What Brazil's Bolsonaro will likely tackle in first months

What Brazil's Bolsonaro will likely tackle in first months

Bolsonaro was elected president at the end of October, defeating his rival Fernando Haddad of the centre-left Workers' Party by a comfortable margin in the second-round runoff.

"I made a lot of money and saved money to buy the ticket, to be able to buy the plane ticket because it's a long way to come by vehicle but we managed to make it all the way to be here on this day for President Bolsonaro's inauguration".

A few kilometres away, 19-year-old college student Grace Kelly Silveira, 19, waited at a bus station as Bolsonaro supporters poured through the terminal on their way to the inauguration, cheering as they waved Brazilian flags.

He pointed to US President Donald Trump going through with his promise to move his country's embassy and said 'Bolsonaro will also do so'.

Bolsonaro, 63, rode a populist revolt against the traditional political class to take the presidency.

The new president, who spent almost three decades in Congress, has also drawn global criticism for his plans to roll back regulations in the Amazon and his disinterest in social programs in a country that is one of the world's most unequal in terms of income. Bolsonaro was wounded by a knife-wielding assailant during the campaign, and he takes office at a moment when the country is deeply polarised.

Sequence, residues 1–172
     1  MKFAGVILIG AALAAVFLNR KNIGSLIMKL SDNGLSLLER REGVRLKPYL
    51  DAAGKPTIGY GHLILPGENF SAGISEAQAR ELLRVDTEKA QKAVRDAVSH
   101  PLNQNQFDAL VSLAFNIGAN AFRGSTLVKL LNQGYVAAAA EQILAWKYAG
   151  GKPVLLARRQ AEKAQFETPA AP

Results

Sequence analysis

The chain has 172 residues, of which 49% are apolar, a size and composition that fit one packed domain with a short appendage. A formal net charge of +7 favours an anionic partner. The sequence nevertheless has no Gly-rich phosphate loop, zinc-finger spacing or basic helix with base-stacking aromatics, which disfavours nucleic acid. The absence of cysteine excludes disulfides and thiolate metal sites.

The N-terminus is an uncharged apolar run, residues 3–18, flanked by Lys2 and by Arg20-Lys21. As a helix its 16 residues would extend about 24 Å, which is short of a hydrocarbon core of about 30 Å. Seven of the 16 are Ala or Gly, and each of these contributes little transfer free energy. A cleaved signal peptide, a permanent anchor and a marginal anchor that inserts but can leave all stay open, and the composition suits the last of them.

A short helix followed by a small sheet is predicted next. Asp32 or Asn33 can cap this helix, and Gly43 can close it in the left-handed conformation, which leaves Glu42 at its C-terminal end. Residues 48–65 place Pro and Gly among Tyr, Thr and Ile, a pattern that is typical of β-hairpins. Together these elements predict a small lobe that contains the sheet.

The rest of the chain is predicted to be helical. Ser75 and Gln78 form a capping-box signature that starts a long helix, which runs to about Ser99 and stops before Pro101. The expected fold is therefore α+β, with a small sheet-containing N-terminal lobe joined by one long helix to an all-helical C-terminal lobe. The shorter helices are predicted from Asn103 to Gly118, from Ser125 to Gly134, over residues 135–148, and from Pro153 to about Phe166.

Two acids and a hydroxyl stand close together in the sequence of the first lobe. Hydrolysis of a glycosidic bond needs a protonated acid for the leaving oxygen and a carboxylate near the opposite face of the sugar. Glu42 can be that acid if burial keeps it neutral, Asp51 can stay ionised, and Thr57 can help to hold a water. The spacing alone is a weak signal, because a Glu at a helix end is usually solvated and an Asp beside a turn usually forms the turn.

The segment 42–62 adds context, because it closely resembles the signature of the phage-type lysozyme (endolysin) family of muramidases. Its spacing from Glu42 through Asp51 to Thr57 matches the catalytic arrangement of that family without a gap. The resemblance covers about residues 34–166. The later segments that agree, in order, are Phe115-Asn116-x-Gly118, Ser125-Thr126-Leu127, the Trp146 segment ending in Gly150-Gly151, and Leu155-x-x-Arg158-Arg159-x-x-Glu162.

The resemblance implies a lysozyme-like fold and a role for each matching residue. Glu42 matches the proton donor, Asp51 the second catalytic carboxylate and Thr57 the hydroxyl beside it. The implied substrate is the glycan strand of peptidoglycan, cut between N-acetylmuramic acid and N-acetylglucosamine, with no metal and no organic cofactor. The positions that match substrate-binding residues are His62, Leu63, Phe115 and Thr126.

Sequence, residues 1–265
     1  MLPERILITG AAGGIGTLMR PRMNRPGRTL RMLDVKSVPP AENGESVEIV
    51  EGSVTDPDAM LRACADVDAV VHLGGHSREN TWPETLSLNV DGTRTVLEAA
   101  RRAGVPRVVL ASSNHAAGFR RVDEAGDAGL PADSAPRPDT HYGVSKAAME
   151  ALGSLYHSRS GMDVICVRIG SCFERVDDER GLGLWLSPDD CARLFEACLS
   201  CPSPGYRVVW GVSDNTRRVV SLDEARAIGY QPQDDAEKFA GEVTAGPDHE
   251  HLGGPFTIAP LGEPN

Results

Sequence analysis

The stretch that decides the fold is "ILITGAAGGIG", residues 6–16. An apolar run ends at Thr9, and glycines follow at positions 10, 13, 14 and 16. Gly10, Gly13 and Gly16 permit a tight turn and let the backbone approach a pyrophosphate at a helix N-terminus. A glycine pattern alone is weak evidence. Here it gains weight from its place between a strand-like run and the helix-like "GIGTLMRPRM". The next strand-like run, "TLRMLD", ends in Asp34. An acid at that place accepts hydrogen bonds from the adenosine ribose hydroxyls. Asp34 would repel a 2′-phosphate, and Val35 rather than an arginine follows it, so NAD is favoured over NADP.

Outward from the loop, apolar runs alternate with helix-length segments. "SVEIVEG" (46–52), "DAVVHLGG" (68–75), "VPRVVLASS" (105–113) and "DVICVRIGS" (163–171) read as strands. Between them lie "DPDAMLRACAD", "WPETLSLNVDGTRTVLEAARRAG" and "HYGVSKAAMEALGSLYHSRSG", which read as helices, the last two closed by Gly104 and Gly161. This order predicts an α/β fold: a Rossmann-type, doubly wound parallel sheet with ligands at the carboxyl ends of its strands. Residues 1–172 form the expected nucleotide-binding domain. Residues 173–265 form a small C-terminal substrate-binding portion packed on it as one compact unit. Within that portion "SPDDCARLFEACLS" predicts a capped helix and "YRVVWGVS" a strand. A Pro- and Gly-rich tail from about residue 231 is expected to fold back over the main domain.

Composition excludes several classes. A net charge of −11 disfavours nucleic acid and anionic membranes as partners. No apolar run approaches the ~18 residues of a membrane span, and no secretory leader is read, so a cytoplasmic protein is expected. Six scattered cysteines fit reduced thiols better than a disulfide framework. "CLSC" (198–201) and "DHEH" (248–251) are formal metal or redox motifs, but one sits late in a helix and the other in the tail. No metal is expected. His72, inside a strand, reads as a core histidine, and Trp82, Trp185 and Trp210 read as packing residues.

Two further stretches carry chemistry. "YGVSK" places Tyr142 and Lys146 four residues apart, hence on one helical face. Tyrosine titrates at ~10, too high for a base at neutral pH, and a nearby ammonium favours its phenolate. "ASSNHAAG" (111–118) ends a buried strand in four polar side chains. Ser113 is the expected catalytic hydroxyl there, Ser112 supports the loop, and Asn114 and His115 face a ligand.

He has said he is determined to roll back decisions made under Rousseff and her popular predecessor Luiz Inacio Lula da Silva, who is now in prison for corruption.

An estimated half-million spectators were expected to cheer Bolsonaro in Brasilia.

In his speech to lawmakers, Bolsonaro promised to reduce bureaucratic regulations, promote a more free-market economic policy and protect police officers.

Jair Bolsonaro was elected Brazil's president on promises to overhaul many aspects of Latin America's largest nation, from changing its worldwide alliances to cracking down on endemic corruption and street crime.

Mr Netanyahu is the first Israeli prime minister to visit Brazil.

Still, he has come under intense pressure from Brazil's powerful agriculture sector not to do so, as it could hurt Brazilian exports to Arab nations.

Bolsonaro said in early November he meant to follow Trump's lead in moving his country's embassy from Tel Aviv to Jerusalem.

Bolsonaro rose to power as he promised to eradicate the corruption and crime in the country during the election campaign. Many Brazilians, wary of established politicians after a corruption scandal tainted vast swaths of the country's political elite, saw in Bolsonaro an outsider they could trust.

Election participation is compulsory in Brazil.

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